A British Foreign Office statement said the political directors from the six major powers agreed that a negotiated solution was still preferable, but that further action would be taken if necessary to get Iran to comply.
Earlier on May 2, President Mahmud Ahmadinejad said Iran would continue to resist attempts to curtail development of nuclear technology for peaceful, electric-generating purposes.
Also the same day, Ali Akbar Velayati, a foreign affairs adviser to Iranian Supreme Leader Ayatollah Ali Khamenei, said Tehran was capable of mass producing machines used for enriching uranium.
In a related development, Iranian authorities have arrested the country's former nuclear negotiator, Hossein Musavian. Few other details were available, but the semiofficial Fars news agency said Musavian could face espionage charges.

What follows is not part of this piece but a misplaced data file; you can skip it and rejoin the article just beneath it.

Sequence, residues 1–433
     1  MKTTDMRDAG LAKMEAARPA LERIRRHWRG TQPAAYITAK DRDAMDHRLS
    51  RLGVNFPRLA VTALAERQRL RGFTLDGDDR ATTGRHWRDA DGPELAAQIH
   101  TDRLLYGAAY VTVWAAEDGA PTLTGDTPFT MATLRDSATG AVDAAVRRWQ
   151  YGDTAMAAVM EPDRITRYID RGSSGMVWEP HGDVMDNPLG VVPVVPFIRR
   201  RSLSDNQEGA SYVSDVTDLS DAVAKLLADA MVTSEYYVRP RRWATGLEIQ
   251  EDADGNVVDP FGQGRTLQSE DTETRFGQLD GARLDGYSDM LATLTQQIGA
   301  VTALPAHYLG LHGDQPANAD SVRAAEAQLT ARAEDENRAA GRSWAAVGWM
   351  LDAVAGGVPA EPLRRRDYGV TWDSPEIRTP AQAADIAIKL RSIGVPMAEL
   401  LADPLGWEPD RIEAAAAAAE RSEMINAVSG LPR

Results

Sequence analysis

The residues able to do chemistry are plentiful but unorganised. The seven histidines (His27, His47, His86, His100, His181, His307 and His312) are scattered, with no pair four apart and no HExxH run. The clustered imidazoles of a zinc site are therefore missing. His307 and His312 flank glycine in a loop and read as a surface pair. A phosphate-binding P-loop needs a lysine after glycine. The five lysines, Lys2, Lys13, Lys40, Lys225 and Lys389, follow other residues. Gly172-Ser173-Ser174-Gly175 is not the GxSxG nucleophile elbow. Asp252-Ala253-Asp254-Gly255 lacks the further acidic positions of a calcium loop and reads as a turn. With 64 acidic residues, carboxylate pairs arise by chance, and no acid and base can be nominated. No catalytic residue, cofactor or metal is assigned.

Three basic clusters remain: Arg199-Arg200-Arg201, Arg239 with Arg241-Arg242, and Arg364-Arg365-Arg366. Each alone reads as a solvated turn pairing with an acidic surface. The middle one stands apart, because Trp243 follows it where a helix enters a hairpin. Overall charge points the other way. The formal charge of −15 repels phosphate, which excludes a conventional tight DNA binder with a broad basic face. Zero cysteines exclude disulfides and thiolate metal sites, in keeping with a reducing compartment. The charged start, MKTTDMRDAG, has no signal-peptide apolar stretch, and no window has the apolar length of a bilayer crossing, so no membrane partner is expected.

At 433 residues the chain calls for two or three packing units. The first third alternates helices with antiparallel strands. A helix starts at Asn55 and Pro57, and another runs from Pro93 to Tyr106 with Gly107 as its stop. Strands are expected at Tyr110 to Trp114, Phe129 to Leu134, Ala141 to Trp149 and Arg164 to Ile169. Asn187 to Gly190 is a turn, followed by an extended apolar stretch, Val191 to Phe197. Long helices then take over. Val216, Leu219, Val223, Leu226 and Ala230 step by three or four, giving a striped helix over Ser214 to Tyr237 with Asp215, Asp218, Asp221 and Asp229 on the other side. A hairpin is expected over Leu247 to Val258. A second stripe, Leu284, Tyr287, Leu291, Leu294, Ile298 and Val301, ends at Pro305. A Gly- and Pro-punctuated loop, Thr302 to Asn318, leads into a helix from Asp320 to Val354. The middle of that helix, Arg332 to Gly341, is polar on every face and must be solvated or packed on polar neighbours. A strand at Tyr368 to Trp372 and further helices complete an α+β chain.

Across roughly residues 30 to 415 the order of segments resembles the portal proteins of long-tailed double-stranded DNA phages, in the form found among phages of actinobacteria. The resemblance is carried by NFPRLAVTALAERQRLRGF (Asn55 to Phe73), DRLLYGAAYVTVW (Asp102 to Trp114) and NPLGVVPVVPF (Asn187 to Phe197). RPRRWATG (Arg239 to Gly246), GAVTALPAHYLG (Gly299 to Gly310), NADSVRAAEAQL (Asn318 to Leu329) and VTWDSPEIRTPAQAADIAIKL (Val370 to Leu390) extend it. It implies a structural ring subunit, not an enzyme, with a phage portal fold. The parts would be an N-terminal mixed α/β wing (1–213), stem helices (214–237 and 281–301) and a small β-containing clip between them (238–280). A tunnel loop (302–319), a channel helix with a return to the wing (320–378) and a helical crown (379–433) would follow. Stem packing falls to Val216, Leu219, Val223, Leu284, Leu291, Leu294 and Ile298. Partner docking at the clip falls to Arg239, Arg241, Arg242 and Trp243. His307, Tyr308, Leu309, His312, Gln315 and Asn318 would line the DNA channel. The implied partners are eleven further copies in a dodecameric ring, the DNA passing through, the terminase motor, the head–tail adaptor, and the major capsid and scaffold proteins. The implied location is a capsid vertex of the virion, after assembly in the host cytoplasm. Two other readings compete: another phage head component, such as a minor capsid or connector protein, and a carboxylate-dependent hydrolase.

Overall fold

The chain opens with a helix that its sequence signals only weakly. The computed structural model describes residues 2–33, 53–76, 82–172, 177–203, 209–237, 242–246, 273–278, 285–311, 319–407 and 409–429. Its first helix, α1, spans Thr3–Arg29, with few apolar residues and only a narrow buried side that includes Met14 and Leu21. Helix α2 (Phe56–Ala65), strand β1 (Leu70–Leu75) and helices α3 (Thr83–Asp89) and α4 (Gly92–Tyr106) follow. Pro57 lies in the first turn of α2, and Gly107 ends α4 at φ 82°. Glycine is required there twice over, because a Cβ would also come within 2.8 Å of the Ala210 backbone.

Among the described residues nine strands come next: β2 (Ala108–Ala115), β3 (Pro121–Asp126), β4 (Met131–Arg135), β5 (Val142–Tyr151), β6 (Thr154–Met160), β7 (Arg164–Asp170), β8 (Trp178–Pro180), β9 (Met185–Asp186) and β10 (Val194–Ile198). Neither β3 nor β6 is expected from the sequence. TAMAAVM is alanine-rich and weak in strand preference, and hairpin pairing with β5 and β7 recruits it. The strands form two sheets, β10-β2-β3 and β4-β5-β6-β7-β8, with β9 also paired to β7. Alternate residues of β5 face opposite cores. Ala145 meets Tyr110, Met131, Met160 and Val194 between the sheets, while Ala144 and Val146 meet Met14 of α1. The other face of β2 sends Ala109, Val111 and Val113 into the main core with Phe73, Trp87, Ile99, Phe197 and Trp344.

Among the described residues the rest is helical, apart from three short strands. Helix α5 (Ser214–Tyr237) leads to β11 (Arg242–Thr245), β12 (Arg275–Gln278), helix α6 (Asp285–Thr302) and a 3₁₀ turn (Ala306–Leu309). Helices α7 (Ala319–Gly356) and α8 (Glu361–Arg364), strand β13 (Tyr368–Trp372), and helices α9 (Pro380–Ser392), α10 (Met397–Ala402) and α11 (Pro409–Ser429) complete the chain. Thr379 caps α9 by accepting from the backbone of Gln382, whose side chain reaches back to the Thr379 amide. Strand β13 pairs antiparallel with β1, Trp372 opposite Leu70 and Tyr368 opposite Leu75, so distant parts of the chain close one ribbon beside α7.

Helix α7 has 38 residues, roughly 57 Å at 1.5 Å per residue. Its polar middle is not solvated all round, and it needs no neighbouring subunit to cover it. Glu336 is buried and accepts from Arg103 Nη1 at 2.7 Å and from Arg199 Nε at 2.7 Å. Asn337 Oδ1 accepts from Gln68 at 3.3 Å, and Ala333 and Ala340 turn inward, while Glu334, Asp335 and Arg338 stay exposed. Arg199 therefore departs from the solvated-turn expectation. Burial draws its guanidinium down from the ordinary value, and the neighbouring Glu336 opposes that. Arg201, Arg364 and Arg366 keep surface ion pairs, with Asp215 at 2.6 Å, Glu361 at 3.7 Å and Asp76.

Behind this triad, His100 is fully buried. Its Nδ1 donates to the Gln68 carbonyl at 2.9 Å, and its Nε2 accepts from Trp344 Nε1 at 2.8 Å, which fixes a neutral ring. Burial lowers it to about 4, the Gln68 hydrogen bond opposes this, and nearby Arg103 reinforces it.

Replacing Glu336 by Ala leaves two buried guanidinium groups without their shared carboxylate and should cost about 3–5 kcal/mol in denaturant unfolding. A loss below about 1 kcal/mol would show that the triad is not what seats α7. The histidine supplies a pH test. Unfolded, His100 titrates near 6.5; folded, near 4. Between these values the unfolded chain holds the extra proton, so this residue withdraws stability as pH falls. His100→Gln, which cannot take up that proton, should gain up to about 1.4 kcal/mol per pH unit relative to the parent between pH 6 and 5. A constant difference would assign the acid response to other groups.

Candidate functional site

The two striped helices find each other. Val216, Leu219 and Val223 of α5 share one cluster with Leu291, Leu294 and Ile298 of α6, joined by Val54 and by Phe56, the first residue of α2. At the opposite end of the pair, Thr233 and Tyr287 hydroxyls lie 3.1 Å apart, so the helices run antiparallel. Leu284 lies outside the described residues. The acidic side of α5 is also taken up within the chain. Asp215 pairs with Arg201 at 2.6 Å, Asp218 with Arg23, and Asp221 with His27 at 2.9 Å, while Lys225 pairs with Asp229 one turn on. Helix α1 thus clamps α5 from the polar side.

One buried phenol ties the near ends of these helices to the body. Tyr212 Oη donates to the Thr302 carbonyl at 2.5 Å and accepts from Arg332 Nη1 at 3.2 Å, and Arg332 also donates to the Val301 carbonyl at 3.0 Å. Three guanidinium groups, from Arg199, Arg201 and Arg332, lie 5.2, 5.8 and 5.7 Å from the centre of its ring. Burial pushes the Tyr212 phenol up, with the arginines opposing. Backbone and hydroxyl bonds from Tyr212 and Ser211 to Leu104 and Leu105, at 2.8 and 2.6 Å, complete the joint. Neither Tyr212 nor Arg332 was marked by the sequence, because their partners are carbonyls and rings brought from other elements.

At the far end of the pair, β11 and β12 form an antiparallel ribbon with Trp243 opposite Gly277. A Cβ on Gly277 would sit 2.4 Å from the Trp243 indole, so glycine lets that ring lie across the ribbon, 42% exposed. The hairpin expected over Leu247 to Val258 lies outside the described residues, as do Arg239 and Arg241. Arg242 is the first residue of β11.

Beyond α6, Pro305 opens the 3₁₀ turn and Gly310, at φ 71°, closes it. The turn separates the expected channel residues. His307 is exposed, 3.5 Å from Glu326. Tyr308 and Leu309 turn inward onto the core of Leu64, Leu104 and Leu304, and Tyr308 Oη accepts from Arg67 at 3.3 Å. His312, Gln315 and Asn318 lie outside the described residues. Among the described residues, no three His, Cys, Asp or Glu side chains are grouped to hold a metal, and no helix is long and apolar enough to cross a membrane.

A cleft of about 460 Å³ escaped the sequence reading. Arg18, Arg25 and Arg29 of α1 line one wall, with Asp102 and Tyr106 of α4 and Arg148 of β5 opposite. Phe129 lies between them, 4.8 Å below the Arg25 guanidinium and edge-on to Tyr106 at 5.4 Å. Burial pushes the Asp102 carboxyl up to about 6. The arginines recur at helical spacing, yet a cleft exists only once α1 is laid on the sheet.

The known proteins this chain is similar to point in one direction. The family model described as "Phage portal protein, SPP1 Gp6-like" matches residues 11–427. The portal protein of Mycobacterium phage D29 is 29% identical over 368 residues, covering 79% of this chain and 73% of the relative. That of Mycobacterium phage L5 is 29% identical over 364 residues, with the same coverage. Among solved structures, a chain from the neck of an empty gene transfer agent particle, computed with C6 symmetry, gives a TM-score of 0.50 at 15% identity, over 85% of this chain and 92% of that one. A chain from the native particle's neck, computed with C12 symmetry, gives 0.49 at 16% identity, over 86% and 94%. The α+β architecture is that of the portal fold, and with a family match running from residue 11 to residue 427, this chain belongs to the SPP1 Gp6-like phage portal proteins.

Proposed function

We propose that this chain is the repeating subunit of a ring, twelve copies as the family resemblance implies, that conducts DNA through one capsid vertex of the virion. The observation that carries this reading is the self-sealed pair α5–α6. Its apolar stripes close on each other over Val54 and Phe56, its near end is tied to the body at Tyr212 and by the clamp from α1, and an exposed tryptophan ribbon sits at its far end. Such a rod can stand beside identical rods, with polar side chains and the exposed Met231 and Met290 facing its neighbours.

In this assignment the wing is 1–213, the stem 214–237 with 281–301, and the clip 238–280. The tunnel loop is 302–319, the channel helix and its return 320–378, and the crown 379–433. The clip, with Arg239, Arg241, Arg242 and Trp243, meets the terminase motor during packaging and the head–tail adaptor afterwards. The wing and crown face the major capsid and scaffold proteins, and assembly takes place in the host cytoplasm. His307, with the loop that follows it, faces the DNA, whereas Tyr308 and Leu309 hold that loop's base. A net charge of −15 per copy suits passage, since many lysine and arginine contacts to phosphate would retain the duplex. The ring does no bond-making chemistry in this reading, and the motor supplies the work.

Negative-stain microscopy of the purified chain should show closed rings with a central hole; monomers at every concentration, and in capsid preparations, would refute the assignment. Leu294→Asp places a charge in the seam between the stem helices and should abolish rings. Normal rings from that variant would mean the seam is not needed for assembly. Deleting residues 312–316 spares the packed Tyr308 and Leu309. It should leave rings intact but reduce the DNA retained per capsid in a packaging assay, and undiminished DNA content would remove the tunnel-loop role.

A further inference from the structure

Meanwhile, a top U.S. diplomat says the United States is looking forward to talking to Iran at the international conference on Iraq in Egypt this week.
U.S. Undersecretary of State Nicholas Burns said in London on May 2 that Washington hopes that U.S. Secretary of State Condoleezza Rice would be able to speak directly to her Iranian counterpart at the Sharm el-Sheikh meeting.
Ties with Iran have been frozen since the 1979 storming of the U.S. Embassy in Tehran.
(Reuters, AP, AFP)